• Other Issues

    • Demand for Telemedicine Increasing

      Imagine “visiting” the doctor via video, similar to a Skype call. Some physicians currently use telemedicine — in which physicians and health care providers use electronic communication tools to care for patients — and it’s growing more common. James Luecke, MD, credits telemedicine with helping save the life of a baby he was delivering in tiny Alpine, Texas, where a specialist miles away was only available by telemedicine. Physicians, patients, and policymakers alike recognize telemedicine can help improve access to care — especially for patients who are miles from the doctor. TMA wants to make sure patient safety is paramount in this practice, and the first step is establishing a proper patient-physician relationship: The physician first must see the patient in person.
  • TMA Caring for Veterans

    • Identification and Management of Suicide Risk in U.S. Military Veterans
      Suicide is a devastating outcome of major public health importance. In the United States, suicide is the 11th leading cause of death across all ages and the seventh leading cause of death in males. Suicide rates vary considerably across population subgroups. U.S. military veterans may have an increased risk of suicide compared with the general population. Veterans represent around 10 percent of U.S. adults but account for 20 percent of completed suicides, and approximately 18 to 22 veterans die from suicide each day. In addition, a considerable body of research suggests an increased risk for suicide among veterans seeking services from the Department of Veterans Affairs (VA). The increased risk for suicide among veterans has recently captured tremendous public attention and led the VA to declare the prevention of suicide to be a major national priority. The VA has launched comprehensive suicide prevention efforts and has collaborated with the Department of Defense (DoD) to develop a clinical practice guideline based on best available evidence and expert consensus. This article discusses considerations for suicide risk assessment and intervention, mostly derived from the VA/DoD clinical practice guideline. It also briefly reviews the VA suicide prevention program and the importance of veteran suicide risk assessment in primary care settings.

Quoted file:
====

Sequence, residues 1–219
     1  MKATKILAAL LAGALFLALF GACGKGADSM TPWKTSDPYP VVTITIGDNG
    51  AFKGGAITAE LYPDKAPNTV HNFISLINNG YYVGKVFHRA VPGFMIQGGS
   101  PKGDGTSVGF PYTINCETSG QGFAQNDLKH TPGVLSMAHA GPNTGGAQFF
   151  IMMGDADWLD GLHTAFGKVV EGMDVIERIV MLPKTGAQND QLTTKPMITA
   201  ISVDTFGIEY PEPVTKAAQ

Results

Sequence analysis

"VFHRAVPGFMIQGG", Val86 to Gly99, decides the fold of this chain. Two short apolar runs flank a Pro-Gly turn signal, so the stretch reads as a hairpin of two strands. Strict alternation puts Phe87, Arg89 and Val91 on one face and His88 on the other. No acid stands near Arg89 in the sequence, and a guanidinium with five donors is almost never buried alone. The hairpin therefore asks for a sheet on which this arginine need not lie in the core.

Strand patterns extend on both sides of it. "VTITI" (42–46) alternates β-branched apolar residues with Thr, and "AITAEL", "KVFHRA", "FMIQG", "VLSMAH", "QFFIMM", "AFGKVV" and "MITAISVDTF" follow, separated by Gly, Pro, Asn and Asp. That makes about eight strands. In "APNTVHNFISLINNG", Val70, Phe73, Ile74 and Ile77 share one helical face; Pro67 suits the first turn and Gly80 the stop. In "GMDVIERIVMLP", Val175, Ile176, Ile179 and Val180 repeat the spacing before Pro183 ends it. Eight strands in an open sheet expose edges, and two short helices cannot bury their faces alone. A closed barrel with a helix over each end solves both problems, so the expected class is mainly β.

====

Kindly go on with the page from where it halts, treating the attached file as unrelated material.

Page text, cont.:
• Reporting for Duty
      As Congress and the embattled U.S. Department of Veterans Affairs work to resolve overwhelming backlogs in medical care for the nation's veterans, TMA and physicians across the state are enlisting to stand in the gap and help alleviate the documented access-to-care problems. TMA was one of the first state medical societies to establish a registry of private-sector doctors willing to see veteran patients.
    • Congress Passes VA Overhaul
      On Thursday, Congress approved a widespread overhaul of the embattled Department of Veterans Affairs (VA). TMA has been calling on the nation's leaders to clear existing bureaucratic landmines — slow payment and lack of interaction between the VA and the private sector, for instance — so private-sector physicians can help get veterans the timely care they need.
  • More Top Stories

    • State Pilot to Streamline Medicare-Medicaid Patient Care
      When San Antonio pulmonologist John Holcomb, MD, treats patients enrolled in both Medicare and Medicaid, he knows he's dealing with a particularly fragile population that has little to no income and is elderly or has a disability. Neither these so-called "dual-eligible" patients nor the physicians treating them have it easy.
    • ACA Exchange Plans: Questions and Answers for Texas Physicians
      Confused by all you’ve heard about the Affordable Care Act marketplace insurance plans? Do you know whether you're in — or out — of the narrow networks? How will you tell if a patient is on an exchange plan? What happens to you if patients don't make their premium payments? What, if anything, can you do about all of this? TMA answers these and other tough marketplace exchange questions. MembersOnlyRed
    • Marketplace Means Decisions for Doctors
      The opening of the health insurance marketplaces under the Affordable Care Act (ACA) on Jan.1 means you must be vigilant in your dealings with the health insurance companies. Or you could face major problems. For example, do your existing contracts with insurers mean you're already included in an exchange network? And, it's possible you'll have to refund payments to an insurer if a patient who bought coverage in the ACA marketplace doesn't pay his or her premiums.
    • Medicare Meltdown Fact Sheet: Stop the Medicare Meltdown — repeal the SGR
      Since the turn of the century, nothing has so regularly and completely vexed and frustrated physicians more than our annual game of chicken with Congress over Medicare payments. Medicare patients and military families are never out of danger. Year after year, the specter of congressional action or lack of action threatens to jeopardize health care for Medicare patients. And, because TRICARE rates for military families are based on Medicare, they’re in danger, too.